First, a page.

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PostPosted: Tue Jul 12, 2016 2:52 am
 


Isn't it risky? Oil prices are destined to steadily rise, for the USA as a new major oil importing country (some experts assert that it has outstripped Saudi Arabia in oil output) is deeply interested in higher profits and now it can really influence the international oil market. So, I'm absolutely sure the prices will go up in the nearest perspective and the price of $80 a barrel for next year is quite probable.

I guess it should be a big worry for Canada now, the biggest recipient of the oil import from the USA.


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PostPosted: Tue Jul 12, 2016 3:34 am
 


Canada exports oil to the US. Eastern Canada receives oil through a pipeline called line 9, that oil comes from an ocean port at Portland Maine. That pipeline is connected to every oil refinery in Ontario, Quebec, New Brunswick, and Nova Scotia. My understanding is ships delivering oil to that port still deliver oil from the Middle East. We aren't getting oil from the US.

Geopolitics has drive oil prices down. The US had to recover its economy from the collapse of 2008, it used to be a major oil exporter, and oil continues to be a major part of their economy. Traditional oil wells no longer produce enough to meet their needs. They receive oil from Canada, a large part comes from tar sands, now called oil sands. Americans noticed they had shale oil; a completely different resource, which had to be process differently, but conceptually it is similar. Just like tar sands, this resource must be mined then processed to convert it into oil. The energy required to do so, carbon emissions, and cost are all comparable to tar sands. Furthermore, many Americans wanted to end dependence on Middle East oil. Conventional oil wells, tar sands in Canada, and shale oil in the US together produce enough oil that US should no longer have to import oil from the Middle East.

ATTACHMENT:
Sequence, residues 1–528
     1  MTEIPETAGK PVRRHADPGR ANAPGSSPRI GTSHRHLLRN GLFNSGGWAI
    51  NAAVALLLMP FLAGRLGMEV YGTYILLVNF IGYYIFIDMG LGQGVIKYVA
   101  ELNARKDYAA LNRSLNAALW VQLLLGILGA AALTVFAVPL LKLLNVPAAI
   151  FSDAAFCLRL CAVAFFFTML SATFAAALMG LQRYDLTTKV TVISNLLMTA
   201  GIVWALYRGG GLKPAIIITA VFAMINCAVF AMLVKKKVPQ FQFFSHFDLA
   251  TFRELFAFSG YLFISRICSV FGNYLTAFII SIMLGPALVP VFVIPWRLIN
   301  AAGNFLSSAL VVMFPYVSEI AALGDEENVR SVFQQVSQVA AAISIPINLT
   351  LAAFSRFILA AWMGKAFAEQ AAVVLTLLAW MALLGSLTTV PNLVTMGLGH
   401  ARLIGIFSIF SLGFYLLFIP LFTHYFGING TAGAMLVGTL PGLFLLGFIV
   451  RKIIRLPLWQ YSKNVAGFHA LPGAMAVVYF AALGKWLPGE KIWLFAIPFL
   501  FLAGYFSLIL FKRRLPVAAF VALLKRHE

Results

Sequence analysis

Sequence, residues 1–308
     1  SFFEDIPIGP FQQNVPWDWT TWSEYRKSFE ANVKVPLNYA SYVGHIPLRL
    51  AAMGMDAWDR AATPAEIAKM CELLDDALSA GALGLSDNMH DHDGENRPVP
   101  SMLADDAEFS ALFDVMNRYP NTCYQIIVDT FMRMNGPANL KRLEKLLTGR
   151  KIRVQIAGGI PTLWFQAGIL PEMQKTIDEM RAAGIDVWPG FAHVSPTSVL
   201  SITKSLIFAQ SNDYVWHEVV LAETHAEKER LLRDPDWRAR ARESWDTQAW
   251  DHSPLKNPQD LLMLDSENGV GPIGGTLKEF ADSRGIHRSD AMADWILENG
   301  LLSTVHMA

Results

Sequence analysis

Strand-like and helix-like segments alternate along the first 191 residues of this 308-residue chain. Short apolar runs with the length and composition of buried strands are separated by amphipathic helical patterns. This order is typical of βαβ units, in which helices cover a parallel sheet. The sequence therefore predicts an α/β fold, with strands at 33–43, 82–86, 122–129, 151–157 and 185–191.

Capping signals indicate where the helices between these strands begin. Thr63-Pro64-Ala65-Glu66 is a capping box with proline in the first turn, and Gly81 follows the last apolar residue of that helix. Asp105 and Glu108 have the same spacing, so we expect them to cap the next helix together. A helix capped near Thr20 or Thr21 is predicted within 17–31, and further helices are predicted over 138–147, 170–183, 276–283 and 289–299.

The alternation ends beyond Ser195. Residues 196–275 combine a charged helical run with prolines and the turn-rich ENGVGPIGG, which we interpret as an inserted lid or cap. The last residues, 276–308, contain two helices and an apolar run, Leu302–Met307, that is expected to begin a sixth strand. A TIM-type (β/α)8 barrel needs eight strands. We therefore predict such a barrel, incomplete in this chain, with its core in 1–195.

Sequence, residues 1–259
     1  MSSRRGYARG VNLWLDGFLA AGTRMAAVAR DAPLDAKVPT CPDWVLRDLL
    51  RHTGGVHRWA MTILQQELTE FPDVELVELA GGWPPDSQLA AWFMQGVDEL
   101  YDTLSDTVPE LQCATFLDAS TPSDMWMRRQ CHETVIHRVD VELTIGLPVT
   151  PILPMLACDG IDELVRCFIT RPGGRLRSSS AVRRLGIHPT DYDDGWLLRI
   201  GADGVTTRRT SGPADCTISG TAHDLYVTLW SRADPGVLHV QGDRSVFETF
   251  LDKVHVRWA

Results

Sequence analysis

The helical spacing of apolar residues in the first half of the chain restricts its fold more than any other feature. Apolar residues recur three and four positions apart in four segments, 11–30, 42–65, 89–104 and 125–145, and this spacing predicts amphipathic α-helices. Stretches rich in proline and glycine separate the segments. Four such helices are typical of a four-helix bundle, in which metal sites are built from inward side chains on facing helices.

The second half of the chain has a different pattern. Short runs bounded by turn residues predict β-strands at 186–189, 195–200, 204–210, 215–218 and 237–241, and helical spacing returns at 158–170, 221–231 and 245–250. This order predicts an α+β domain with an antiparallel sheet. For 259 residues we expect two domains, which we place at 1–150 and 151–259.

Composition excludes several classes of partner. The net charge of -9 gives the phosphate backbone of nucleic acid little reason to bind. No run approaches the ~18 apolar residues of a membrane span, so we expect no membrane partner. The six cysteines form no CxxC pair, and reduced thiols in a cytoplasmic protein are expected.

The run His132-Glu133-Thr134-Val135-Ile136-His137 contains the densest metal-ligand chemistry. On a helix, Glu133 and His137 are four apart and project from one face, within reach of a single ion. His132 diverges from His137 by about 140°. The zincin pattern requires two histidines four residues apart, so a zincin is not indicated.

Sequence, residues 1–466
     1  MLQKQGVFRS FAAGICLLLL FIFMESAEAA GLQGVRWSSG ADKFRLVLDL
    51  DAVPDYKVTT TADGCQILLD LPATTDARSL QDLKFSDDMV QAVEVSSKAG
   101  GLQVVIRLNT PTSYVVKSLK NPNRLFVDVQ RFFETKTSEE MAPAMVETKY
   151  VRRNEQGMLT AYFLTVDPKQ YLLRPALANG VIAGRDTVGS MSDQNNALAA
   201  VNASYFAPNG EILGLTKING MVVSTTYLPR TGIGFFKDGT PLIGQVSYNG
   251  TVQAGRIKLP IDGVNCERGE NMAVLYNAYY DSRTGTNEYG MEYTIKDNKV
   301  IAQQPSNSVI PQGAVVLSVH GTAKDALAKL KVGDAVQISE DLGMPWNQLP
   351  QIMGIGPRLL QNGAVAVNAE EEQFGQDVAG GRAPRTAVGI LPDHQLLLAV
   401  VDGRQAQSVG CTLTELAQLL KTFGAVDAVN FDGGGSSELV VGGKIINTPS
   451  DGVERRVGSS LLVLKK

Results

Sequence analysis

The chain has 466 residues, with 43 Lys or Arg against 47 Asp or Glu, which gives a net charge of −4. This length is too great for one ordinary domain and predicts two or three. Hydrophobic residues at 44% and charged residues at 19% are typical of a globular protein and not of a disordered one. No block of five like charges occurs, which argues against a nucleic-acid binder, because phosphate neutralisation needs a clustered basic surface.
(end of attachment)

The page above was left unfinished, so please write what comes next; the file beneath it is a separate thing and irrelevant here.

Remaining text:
However, oil producers in the Middle East do not want to lose their largest customer. So they have engaged in a price war. Their goal is to retain market share. They are not likely to win.

These are the primary forces. There's another geopolitical force. Some policy makers in the US noticed Russia has become a major oil exporter. The price war is driving prices down, but since Russia gets so much revenue from oil, reducing oil prices hurt Russia. American policy makes like the fact low oil prices hurt Russia, so they want it to continue. They will use what influence they have to perpetuate low oil prices. Yes, oil companies in the US would like higher profits, but the Middle East desperate attempt to retain market share together with US policy makers who want to hurt Russia will ensure oil prices stay low.

Canadians already know we don't import oil from the US. And in Canada we talk about "USA" or "the US" but usually don't say "the USA". This makes me suspect you aren't Canadian. You're Russian, aren't you?

By the way, the oil pipeline mentioned, the one called "line 9", was built by Canada. It was originally intended to deliver Alberta oil to eastern Canadian provinces, but was shut down due to internal Canadian politics. Very quickly the company that operates it found an alternative profitable purpose for it: to deliver Middle East oil to the American Midwest, including Chicago and Detroit. Since Canadian oil refineries are connected to it, those refineries get some of the oil from that pipeline. But the pipeline was built by Canada, and reversing the flow was due to Canadian internal politics.


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PostPosted: Tue Jul 12, 2016 4:26 am
 


Umm, we import a lot of oil every day from the US and other non-Canadian sources.

rants-raves-f12/736-000-barrels-per-day-t116446.html?hilit=barrels%20per%20day


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